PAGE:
But you have to get excited. You have to keep that hunger, keep writing, and keep that sense that anything is possible, or else you’ll lose your spark. Staying positive in the face of constant “no, that’s not good enough” is a tough thing to do. And maybe somewhere along the way you’ll have a moment when you get to hear one of your songs coming through the radio speakers, and that’s gonna be a pretty amazing moment. But that’s not the moment that makes it all worthwhile. What makes it all worthwhile is being fully present in every day, taking responsibility for doing the work, and experiencing the joy of doing something that you love.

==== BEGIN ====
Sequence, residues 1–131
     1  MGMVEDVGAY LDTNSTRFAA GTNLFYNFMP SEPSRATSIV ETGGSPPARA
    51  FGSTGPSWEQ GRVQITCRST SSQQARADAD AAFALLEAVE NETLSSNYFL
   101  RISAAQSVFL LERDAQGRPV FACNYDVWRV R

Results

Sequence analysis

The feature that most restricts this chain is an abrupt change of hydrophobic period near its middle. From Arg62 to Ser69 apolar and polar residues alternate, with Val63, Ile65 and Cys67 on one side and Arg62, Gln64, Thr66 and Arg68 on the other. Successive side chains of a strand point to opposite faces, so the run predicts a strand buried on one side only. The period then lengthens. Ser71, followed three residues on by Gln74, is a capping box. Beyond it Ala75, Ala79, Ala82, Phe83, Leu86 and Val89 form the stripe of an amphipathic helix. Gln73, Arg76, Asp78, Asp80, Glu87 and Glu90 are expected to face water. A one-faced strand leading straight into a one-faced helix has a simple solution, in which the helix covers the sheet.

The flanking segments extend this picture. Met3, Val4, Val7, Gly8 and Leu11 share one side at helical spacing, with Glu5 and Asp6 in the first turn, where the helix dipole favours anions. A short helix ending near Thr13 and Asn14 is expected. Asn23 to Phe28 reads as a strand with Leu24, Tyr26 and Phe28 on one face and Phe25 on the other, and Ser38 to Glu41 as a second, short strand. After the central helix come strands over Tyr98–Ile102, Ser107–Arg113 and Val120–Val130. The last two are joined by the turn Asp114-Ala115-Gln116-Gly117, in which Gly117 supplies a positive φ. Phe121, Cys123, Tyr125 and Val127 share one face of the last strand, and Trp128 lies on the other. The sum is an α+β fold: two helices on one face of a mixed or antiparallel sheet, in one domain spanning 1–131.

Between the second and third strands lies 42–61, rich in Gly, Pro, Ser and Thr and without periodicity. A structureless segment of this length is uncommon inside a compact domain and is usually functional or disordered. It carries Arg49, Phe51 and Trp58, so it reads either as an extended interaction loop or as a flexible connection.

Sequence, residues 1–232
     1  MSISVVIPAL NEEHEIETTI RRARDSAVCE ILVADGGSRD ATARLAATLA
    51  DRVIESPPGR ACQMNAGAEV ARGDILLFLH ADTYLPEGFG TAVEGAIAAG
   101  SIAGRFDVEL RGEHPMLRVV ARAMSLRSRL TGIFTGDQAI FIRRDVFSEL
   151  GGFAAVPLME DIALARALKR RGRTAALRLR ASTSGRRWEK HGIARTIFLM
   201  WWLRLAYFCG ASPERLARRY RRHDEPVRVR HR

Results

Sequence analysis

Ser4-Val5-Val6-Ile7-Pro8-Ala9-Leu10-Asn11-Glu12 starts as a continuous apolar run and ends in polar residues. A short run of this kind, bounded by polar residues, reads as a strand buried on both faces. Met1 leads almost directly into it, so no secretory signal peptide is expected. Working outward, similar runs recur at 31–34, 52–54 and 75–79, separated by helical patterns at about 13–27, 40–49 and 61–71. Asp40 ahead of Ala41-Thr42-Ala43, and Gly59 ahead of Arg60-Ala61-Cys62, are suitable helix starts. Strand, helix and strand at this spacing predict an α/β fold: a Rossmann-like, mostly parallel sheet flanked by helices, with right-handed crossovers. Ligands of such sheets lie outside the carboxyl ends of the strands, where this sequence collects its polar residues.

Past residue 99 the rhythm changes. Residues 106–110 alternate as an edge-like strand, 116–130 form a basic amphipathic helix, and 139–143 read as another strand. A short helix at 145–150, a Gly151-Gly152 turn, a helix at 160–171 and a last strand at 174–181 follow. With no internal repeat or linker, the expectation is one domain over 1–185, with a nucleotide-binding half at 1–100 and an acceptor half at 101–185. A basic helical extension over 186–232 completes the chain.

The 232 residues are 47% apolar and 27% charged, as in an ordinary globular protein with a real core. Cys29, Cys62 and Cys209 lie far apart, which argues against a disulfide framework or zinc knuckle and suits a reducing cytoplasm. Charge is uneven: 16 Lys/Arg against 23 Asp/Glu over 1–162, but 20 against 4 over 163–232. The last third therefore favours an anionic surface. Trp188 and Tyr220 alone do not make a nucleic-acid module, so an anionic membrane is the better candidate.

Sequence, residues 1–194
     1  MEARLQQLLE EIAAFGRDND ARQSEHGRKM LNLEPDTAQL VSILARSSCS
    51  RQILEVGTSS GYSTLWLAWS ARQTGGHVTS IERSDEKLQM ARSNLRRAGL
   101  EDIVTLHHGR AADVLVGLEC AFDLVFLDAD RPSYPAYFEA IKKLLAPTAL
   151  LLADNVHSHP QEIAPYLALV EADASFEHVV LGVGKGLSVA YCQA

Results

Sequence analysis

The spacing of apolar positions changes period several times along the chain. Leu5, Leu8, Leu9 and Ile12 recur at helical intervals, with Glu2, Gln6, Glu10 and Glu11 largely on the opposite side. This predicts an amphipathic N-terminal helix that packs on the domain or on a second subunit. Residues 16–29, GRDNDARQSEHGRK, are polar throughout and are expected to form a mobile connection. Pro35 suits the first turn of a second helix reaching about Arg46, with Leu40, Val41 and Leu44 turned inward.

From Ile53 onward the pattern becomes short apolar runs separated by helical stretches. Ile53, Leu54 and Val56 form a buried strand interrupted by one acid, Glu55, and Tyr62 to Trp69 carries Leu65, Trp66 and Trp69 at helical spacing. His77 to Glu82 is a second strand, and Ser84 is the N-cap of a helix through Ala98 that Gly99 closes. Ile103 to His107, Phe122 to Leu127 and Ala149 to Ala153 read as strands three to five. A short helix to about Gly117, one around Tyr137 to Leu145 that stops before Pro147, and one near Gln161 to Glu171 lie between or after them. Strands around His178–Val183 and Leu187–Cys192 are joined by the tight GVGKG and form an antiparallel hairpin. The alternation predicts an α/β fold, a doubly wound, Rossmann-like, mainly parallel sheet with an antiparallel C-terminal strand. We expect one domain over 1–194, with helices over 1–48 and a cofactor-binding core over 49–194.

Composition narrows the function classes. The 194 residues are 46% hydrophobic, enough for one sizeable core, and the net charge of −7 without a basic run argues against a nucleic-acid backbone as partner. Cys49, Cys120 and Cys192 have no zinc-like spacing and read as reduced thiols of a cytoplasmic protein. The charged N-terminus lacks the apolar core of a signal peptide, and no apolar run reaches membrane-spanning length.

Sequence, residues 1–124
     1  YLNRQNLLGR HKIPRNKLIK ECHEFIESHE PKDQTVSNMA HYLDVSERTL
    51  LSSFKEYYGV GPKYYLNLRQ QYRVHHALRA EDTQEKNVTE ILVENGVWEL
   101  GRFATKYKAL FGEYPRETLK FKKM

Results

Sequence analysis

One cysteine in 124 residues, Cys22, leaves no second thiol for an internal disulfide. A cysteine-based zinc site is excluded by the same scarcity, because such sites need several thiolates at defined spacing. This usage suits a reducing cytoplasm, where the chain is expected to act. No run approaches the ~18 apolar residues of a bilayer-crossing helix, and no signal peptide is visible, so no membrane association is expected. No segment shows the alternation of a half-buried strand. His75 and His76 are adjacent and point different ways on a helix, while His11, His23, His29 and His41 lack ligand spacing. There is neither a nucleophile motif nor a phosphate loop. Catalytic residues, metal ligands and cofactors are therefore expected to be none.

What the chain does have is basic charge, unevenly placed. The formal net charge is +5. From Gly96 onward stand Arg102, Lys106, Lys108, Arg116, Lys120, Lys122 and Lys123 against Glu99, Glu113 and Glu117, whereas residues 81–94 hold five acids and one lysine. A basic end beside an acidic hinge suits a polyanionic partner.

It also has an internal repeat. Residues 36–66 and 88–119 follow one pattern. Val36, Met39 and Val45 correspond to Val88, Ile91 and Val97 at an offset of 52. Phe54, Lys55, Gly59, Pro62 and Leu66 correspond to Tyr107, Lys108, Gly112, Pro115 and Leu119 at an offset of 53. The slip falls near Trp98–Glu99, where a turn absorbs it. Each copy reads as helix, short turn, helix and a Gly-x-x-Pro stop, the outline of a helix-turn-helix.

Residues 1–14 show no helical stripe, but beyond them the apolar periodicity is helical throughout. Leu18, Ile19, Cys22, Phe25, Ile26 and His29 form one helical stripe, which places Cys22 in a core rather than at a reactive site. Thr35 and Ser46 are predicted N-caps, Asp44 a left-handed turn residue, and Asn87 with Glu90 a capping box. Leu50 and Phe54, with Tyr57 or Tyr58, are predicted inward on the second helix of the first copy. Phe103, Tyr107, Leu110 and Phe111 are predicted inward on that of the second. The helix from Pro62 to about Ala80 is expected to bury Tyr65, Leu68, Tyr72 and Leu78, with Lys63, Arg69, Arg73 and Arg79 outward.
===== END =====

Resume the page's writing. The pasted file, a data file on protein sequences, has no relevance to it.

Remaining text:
Staff writing jobs are fewer and farther between every day. There’s no retirement plan for a staff songwriter. There’s no career advancement for effort put in. You work on a series of short term contracts, so you’re never guaranteed a job for more than 2 years at a time. There’s no benefits package or medical insurance – you have to figure that stuff out on your own. So maybe someday, it’s just gonna be too tough to keep doing it. But for now, if you ask me what I do for a living, I’m still gonna tell you that I’ve got the best job in the world: I’m a staff songwriter.